“Art imitates nature.” Many take this concept, which goes at least as far back as Aristotle’s Poetics, to mean that artists represent what they find in the natural world like a landscape painter might replicate a scenic view or a musician might copy the sound of birds. Yet Aristotle actually meant something far more basic (and to contemporary sensibilities, disruptive): he meant that the artist taps into the universal truths governing the world, elucidating the inward significance of things. For example, tragedy does not simply depict realistic portrayal of events but universal truths about human experience. Similarly, visual artists tap into the beauty and order of the natural world that we find in the cycles and patterns of seasons and stars, the symmetry and proportion of living organisms, and the teleology and purposefulness of all life forms.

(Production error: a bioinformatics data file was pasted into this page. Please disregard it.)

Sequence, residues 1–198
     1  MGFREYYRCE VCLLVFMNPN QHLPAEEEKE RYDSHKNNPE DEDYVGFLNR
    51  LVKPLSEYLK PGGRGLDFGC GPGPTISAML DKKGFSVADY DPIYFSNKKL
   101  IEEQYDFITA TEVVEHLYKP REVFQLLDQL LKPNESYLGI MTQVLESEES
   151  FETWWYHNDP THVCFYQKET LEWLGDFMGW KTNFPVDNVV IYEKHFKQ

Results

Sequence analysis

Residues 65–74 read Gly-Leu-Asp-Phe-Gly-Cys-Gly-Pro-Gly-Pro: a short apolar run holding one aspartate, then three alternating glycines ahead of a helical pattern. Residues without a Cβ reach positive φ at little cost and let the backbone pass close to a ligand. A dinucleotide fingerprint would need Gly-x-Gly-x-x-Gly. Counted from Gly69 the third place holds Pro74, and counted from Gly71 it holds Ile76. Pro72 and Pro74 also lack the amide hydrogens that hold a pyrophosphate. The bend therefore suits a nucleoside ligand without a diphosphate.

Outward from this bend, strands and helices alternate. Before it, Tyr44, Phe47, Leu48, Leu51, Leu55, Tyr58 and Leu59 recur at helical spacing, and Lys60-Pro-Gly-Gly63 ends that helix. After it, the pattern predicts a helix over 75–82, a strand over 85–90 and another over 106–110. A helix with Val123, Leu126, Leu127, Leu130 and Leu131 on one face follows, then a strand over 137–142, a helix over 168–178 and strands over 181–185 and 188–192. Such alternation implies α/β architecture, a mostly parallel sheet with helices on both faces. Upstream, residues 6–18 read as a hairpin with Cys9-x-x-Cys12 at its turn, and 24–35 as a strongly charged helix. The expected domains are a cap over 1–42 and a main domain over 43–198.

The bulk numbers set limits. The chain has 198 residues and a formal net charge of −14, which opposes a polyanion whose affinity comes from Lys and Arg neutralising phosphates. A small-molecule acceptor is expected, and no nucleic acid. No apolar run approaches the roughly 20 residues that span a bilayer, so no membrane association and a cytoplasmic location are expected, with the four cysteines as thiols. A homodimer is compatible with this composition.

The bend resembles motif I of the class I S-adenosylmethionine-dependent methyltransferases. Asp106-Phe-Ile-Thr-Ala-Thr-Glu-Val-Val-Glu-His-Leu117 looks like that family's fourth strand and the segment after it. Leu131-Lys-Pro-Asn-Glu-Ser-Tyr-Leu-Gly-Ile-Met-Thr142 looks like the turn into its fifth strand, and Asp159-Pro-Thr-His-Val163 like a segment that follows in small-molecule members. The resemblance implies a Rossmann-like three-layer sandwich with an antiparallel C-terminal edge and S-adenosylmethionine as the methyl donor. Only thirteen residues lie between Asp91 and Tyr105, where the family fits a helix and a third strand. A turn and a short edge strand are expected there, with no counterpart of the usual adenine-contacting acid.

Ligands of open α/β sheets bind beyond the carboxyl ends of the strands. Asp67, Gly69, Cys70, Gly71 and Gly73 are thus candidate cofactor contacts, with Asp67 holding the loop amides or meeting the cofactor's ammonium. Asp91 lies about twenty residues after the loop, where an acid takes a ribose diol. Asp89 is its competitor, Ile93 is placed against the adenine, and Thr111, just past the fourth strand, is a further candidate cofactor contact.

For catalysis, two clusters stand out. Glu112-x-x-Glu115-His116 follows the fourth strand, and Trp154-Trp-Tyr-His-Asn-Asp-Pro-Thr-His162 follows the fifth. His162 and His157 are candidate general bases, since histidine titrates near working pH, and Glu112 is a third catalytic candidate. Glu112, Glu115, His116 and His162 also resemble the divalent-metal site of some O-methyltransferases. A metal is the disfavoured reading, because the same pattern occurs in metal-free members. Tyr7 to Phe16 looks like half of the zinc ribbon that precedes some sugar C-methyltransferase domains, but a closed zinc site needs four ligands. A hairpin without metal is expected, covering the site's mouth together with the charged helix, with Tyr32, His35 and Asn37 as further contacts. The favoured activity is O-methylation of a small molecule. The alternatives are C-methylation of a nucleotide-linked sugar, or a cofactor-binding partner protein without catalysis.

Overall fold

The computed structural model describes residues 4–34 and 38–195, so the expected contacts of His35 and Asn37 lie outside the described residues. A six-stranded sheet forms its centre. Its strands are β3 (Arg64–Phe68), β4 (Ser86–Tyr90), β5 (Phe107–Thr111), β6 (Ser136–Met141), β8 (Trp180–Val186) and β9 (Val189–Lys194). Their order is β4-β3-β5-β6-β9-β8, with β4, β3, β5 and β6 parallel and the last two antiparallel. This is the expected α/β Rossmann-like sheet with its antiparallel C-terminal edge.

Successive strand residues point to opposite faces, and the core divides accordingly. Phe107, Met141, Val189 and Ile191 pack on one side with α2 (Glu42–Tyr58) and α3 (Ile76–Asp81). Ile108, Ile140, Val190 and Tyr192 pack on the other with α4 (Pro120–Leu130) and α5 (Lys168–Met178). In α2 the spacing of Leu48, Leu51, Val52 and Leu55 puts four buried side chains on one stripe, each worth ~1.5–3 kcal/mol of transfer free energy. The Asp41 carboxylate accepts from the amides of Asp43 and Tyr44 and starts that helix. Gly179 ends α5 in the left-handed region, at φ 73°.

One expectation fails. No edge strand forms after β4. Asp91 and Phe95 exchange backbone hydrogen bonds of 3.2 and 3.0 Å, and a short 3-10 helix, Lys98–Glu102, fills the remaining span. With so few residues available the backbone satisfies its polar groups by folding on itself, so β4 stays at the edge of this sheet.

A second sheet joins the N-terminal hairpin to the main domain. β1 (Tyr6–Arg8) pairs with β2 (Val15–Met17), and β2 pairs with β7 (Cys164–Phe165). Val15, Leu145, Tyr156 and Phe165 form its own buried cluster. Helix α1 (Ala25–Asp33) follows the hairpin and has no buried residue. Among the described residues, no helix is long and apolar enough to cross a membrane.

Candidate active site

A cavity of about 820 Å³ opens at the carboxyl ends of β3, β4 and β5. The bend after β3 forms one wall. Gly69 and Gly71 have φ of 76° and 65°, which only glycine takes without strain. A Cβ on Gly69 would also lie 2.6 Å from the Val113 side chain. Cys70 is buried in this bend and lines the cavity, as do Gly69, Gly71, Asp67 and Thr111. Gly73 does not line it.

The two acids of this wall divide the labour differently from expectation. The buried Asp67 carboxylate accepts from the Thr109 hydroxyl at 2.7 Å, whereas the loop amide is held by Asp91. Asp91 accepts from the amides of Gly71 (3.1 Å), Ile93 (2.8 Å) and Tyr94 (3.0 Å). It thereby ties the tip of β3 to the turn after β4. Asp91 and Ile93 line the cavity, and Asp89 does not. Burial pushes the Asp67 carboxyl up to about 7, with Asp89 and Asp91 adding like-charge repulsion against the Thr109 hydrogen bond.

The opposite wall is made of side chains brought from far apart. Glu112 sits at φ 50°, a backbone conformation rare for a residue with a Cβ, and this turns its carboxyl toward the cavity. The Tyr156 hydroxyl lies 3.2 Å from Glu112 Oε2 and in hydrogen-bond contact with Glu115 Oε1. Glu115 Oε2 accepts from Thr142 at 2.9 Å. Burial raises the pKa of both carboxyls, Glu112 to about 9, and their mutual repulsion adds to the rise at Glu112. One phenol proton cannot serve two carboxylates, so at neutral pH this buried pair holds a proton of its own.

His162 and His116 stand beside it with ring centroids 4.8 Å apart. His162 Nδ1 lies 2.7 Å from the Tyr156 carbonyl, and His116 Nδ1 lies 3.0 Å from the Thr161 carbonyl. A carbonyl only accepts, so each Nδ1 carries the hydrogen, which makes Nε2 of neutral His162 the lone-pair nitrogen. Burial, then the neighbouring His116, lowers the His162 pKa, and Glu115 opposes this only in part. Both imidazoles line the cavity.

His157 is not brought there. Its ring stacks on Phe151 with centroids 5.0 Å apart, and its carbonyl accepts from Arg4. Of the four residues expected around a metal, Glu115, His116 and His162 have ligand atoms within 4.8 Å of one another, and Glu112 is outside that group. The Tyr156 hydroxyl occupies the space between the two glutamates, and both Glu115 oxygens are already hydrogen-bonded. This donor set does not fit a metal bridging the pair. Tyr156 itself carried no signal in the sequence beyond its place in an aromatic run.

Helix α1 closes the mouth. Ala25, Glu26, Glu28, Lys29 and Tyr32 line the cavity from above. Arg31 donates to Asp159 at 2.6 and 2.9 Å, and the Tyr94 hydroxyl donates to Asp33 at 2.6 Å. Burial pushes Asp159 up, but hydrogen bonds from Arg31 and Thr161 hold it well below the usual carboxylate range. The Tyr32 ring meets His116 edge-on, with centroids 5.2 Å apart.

In this older tradition, an artist submitted to nature because nature was understood to reflect permanent things and to participate in the transcendent ordering that remains the final object of contemplation and the source of true creativity. Thus, the function of imagination, and thus of art, was not to merely make stuff up, but to discover and elucidate a priori truths of reality, most especially the transcendental attributes of being such as unity, truth, goodness, and beauty. We do not merely project these transcendentals onto the raw material of the neutral world; rather, we discover them and work to conform ourselves and our art to them.